Gastroesophageal Reflux Disease—Child
(GERD—Child; Chronic Heartburn—Child; Reflux Esophagitis—Child; Gastro-oesophageal Reflux Disease—Child; GORD—Child; Reflux—Child)
- Gastroesophageal Reflux Disease/Heartburn—Overview
- Gastroesophageal Reflux Disease—Adolescent
- Gastroesophageal Reflux Disease—Infant
- Gastroesophageal Reflux Disease—Children with Disabilities
DefinitionGastroesophageal reflux (GER) is the back up of acid or food from the stomach to the esophagus. The esophagus is the tube that connects the mouth and stomach. GER is common in infants. It may cause them to spit up. Most infants outgrow GER within 12 months.GER that progresses to esophageal injury and other symptoms is called gastroesophageal reflux disease (GERD). The backed-up acid irritates the lining of the esophagus. It causes heartburn, a pain in the stomach and chest. GERD requires treatment to avoid complications.GERD can occur at any age.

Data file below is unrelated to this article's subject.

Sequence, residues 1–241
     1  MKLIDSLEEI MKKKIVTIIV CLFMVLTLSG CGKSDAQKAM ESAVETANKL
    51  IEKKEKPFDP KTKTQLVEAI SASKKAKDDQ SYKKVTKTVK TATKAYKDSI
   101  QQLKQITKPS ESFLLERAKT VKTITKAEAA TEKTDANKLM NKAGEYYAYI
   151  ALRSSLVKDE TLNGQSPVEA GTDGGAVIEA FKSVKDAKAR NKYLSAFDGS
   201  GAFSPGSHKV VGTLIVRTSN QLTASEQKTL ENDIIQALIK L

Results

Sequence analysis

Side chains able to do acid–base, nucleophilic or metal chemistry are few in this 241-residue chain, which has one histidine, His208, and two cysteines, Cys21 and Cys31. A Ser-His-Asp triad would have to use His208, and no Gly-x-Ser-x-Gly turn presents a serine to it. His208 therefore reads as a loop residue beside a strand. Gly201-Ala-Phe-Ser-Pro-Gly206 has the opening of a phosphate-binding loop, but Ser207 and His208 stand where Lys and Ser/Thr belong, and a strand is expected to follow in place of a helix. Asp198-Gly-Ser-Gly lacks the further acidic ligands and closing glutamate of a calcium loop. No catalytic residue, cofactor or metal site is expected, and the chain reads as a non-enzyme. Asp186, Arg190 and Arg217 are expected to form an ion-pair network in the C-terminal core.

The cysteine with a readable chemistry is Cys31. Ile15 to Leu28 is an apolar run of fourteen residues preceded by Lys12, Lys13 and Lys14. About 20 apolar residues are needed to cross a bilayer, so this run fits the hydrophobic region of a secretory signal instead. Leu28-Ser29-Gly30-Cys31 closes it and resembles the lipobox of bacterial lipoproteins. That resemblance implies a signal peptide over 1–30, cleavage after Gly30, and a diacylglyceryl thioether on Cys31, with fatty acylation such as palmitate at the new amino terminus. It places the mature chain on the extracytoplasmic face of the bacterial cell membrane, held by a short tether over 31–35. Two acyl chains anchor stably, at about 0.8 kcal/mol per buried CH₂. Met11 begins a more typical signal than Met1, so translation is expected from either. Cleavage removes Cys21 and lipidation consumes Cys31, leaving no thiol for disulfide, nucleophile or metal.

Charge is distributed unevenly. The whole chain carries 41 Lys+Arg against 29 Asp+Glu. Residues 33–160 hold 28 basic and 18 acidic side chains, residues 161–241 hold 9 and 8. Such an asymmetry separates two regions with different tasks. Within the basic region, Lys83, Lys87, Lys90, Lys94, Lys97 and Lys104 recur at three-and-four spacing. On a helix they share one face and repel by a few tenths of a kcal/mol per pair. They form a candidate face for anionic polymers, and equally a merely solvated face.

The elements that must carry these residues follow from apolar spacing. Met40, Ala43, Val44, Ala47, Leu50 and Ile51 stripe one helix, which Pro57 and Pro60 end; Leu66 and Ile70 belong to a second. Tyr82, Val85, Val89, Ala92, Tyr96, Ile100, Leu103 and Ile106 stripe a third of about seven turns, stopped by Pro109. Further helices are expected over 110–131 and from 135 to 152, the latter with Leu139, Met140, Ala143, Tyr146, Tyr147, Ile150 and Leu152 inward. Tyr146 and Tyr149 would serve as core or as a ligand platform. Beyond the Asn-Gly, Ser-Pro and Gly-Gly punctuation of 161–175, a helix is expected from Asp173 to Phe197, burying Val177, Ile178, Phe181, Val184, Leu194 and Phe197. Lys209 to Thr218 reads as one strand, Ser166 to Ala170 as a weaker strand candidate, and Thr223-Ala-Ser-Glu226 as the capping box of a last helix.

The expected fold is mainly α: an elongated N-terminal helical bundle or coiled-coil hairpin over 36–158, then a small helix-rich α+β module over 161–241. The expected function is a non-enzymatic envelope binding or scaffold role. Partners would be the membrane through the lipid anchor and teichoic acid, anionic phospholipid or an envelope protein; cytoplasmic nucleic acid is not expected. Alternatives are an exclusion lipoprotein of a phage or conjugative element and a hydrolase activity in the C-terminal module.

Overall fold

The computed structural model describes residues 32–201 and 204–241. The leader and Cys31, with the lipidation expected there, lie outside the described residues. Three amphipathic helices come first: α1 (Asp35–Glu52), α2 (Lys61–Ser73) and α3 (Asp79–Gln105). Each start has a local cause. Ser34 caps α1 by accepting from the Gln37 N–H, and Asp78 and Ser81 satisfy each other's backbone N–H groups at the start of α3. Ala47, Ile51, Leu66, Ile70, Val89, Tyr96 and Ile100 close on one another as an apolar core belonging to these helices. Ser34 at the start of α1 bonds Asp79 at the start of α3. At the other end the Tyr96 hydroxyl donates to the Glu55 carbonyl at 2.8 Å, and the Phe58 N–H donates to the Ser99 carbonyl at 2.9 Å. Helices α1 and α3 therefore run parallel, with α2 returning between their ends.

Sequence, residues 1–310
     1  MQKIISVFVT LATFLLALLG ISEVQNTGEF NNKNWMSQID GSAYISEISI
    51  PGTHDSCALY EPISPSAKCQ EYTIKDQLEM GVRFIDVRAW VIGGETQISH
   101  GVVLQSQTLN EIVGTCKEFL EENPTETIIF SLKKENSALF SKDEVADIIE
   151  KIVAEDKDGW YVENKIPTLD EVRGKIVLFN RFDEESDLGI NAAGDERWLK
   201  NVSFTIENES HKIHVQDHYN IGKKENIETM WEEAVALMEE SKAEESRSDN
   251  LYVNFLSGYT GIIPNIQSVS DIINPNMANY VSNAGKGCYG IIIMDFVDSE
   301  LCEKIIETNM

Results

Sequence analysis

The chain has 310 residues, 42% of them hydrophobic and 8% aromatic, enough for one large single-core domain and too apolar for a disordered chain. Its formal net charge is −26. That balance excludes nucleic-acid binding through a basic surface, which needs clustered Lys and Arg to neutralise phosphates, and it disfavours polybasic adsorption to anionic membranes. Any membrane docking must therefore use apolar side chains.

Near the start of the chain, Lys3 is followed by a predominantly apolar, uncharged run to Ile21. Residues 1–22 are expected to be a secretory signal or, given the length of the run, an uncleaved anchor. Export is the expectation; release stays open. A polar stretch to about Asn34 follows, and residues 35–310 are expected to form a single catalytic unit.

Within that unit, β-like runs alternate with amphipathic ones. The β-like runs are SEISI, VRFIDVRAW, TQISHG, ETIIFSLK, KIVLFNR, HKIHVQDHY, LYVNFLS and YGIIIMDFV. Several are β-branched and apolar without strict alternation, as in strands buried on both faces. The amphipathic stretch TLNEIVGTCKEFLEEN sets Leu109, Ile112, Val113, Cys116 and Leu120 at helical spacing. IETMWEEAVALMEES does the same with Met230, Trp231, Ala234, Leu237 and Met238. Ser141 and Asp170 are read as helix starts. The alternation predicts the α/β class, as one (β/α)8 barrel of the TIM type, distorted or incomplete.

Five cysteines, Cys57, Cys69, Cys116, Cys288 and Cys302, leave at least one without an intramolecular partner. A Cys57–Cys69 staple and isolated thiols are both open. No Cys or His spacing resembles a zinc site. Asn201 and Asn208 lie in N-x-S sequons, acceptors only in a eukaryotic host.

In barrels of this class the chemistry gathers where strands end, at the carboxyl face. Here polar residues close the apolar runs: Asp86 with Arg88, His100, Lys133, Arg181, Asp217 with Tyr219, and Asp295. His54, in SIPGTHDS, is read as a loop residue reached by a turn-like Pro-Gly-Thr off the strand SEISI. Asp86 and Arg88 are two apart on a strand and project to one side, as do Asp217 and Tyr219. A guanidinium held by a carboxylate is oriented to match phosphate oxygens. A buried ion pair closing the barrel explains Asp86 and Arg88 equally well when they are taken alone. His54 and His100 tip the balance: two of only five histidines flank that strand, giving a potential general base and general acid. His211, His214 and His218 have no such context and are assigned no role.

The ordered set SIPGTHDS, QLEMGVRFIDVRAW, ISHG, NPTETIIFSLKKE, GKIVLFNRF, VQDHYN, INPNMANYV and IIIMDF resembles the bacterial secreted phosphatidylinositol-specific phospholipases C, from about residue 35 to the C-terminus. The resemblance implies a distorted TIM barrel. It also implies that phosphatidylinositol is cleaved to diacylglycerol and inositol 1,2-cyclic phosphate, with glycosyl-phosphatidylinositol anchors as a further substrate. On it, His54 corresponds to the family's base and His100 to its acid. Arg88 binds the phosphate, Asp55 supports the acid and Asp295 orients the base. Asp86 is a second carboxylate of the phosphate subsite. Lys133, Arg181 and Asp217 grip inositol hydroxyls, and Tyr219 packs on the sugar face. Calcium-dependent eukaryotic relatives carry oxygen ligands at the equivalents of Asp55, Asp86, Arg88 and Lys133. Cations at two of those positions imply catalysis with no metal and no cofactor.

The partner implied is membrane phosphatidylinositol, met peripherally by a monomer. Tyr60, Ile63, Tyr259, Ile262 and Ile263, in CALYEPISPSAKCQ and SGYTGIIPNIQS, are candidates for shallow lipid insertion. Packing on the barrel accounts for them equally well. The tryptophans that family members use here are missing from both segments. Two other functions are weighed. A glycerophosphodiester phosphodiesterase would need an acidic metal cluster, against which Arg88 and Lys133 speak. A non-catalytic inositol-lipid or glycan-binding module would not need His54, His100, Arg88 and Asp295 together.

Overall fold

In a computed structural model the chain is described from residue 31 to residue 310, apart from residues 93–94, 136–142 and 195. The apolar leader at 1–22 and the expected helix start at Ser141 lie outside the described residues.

|Gastroesophageal Reflux Disease|
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CausesThe lower esophageal sphincter (LES) is a muscular ring between the esophagus and the stomach. It relaxes to let food pass into the stomach, then closes shut to prevent it from backing up. With GERD, the ring doesn't close as tightly as it normally should. This causes acid reflux, a burning sensation that can be felt below the breastbone.
- Problems with the nerves that control the LES
- Problems with LES muscle tone
- Impaired peristalsis—muscular contractions that propel food toward the stomach
- Abnormal pressure on the LES
- Increased relaxation of the LES
- Increased pressure within the abdomen
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